New approaches for capillary electrophoresis–mass spectrometry in drug analysis : Evaluation of photo-, chemical and thermospray ionization

P. Hommerson

Research output: ThesisDoctoral thesis 1 (Research UU / Graduation UU)


During the past two decades, capillary electrophoresis–mass spectrometry (CE–MS) has emerged as a powerful analytical tool that is well suited to the analysis of pharmaceutical samples. CE–MS combines efficient and fast separation with mass-selective detection and can be considered as orthogonal to LC–MS. Until now, the coupling of CE with MS has predominantly been performed through electrospay ionization (ESI). However, conventional CE background electrolytes (BGEs) like phosphate and borate buffers may cause ion suppression in ESI, and thus lead to reduced or even complete loss of analyte signals. This especially hinders the application of special CE-modes such as micellar electrokinetic chromatography (MEKC) in which (nonvolatile) surfactants are added to enhance selectivity and/or to achieve separation of neutral compounds. In addition, ESI is less suited to analytes that are not readily ionized in solution. In this thesis, the design and performance of CE–MS systems based on alternative ionization techniques, viz. atmospheric pressure photoionization (APPI), atmospheric pressure chemical ionization (APCI) and theromospray ionization (TS), has been investigated. In both APCI and APPI, the sample is first vaporized after which ionization is initiated by a corona discharge or VUV irradiation, respectively. Under specific conditions, polar compounds could be detected in the absence of corona discharge or VUV-photons. In this case, ion formation largely appeared to occur through TS. APPI and APCI were both found suitable for ionization of neutral compounds that were poorly detected by electrospray ionization. APPI enabled the formation of odd-electron ions, and therefore provided a means to detect apolar compounds upon separation by MEKC. The gas-phase-ion formation of ionic species, such as quaternary ammonium compounds, does not rely on charge-exchange or proton-transfer and can therefore not be analysed by APCI-MS or APPI-MS. Instead, this type of compounds may be analysed by TS-MS, which can be carried out using either an APPI or APCI source. Furthermore, under specific conditions, APPI and TS can be employed simultaneously, which ensures the applicability of CE–APPI-MS for a wide variety of compounds ranging from ionic to apolar. With ESI and TS analyte signals were significantly suppressed in the presence of nonvolatile buffers or surfactants. By contrast, APCI and APPI showed a strong compatibility with these constituents. With all CE–MS systems, impurities in drugs down to 0.1% (w/w) could be detected and identified. Overall, ESI and TS appeared the most efficient ionization techniques, especially for impurities that are charged in solution, resulting in detection limits down to 100 ng/mL in the full-scan mode. The signal response for APCI and APPI was often lower than for ESI, but still enabled detection at the 0.1% level by injection of 1 mg/mL of the parent compound. These results show that APPI, APCI and TS are suitable ionization techniques for drug impurity profiling by CE–MS. The availability of alternative ionization methods for CE–MS enhances the compatibility of this technique with nonvolatile buffers and surfactants, and allows a larger number of impurities in drugs to be detected.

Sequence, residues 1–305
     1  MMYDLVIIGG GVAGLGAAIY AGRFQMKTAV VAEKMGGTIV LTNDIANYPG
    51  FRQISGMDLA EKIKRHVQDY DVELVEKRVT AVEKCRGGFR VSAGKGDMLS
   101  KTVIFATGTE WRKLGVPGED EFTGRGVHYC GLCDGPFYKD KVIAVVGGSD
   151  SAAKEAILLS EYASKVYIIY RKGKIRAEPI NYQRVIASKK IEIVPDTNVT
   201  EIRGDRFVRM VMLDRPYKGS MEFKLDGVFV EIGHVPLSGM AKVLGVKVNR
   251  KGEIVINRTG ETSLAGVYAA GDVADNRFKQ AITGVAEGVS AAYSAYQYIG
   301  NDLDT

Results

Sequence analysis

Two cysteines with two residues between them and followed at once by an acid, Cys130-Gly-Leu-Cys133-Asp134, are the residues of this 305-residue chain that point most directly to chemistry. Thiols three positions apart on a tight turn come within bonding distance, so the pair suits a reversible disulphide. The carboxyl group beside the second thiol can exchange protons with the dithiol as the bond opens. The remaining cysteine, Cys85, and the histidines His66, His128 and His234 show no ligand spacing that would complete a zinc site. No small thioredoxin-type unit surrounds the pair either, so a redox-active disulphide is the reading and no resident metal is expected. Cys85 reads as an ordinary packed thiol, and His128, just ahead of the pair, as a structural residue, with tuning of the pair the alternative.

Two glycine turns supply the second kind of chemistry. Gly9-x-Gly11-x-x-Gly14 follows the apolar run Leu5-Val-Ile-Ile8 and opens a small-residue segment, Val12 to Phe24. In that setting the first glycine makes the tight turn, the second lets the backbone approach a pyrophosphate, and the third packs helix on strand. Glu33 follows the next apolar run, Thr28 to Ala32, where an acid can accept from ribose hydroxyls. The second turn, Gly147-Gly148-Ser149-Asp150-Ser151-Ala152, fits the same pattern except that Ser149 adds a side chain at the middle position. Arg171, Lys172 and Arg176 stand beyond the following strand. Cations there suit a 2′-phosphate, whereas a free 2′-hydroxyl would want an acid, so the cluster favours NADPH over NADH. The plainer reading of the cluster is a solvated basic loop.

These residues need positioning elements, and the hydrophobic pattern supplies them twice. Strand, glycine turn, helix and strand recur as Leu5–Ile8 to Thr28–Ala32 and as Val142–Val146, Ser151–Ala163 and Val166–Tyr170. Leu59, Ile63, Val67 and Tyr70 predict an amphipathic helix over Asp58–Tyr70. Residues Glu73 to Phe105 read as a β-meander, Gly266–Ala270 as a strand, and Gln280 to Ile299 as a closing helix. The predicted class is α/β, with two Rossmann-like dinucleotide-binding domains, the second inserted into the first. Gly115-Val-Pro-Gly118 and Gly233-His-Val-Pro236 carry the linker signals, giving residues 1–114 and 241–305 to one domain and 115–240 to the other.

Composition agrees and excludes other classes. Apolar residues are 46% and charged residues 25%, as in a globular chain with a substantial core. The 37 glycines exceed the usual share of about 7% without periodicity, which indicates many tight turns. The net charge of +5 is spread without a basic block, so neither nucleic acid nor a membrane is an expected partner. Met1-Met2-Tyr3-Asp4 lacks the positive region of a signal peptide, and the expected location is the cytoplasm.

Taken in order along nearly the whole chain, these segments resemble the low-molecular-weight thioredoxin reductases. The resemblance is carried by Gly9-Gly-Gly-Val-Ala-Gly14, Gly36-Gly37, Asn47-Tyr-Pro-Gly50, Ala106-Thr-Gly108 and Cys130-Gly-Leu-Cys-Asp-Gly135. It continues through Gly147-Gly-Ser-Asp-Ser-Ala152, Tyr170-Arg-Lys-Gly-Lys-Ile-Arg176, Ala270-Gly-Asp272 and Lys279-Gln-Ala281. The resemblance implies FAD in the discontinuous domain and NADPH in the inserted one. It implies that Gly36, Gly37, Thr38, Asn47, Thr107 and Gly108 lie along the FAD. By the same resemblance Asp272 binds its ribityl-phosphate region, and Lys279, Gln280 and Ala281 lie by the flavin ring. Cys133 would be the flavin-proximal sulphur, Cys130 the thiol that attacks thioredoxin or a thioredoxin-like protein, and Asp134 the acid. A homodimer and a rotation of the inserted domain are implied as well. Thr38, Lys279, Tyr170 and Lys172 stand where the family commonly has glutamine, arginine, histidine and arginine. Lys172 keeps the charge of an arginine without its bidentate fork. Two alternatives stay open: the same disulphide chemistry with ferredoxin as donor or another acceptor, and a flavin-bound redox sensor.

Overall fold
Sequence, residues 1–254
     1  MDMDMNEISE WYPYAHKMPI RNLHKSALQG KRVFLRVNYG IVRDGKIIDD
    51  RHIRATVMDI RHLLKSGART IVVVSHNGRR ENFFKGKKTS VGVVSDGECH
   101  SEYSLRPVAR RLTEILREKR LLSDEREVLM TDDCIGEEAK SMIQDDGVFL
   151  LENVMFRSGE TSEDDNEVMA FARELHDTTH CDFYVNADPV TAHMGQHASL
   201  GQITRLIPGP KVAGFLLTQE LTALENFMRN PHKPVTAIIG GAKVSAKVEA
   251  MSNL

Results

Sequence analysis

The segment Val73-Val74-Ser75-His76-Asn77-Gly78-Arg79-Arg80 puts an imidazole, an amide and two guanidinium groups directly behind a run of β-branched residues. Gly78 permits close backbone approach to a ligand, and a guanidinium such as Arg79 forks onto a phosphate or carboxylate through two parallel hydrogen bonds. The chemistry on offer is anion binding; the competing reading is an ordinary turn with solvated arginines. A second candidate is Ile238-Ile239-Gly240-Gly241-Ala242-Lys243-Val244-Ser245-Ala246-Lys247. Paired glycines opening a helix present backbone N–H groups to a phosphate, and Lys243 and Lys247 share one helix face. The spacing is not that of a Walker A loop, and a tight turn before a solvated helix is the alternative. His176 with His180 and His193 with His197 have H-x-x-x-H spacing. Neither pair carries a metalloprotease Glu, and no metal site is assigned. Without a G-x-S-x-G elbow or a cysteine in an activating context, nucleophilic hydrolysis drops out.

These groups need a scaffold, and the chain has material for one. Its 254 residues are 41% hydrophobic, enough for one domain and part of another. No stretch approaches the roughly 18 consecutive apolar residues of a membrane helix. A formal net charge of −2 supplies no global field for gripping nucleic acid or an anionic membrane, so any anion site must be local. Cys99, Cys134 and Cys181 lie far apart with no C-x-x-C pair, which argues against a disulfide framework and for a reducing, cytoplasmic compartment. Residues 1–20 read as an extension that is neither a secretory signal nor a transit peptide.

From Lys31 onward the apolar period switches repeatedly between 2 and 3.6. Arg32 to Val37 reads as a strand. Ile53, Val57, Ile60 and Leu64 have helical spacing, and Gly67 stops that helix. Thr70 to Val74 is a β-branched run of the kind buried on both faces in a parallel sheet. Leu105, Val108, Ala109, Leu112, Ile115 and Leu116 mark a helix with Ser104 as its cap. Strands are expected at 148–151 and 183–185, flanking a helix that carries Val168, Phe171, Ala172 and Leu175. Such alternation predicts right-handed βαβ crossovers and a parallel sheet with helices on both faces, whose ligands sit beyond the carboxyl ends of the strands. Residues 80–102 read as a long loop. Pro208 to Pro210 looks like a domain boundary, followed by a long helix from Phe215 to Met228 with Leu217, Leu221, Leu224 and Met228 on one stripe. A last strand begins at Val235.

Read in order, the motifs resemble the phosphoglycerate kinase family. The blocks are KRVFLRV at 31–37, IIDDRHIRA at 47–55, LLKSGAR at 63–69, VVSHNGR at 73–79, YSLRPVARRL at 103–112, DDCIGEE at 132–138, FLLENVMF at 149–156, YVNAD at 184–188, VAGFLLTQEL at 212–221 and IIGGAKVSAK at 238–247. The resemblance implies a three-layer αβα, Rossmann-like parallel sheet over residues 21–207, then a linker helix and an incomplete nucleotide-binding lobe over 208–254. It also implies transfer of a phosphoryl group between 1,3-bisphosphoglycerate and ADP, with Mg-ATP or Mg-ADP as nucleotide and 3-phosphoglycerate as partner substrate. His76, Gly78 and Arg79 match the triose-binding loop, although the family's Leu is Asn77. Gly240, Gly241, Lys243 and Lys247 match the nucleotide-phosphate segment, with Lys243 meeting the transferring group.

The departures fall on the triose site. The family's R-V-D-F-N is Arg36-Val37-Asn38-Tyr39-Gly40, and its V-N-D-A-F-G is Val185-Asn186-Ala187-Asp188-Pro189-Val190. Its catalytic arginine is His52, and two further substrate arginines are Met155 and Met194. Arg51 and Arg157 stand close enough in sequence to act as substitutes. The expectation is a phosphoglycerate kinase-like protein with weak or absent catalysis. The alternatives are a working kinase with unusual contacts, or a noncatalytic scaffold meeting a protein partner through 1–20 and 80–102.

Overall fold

Original languageUndefined/Unknown
QualificationDoctor of Philosophy
Awarding Institution
  • Utrecht University
  • de Jong, G.J., Primary supervisor
  • Somsen, G.W., Co-supervisor
Award date10 Jul 2009
Print ISBNs978-90-393-5101-7
Publication statusPublished - 10 Jul 2009


  • Farmacie/Biofarmaceutische wetenschappen (FARM)
  • Medical technology
  • Farmacie(FARM)
  • Bescherming en bevordering van de menselijke gezondheid
  • Biomedische technologie en medicijnen
  • Public Health
  • Analytical chemistry
  • Drugmisbruik en verslaving

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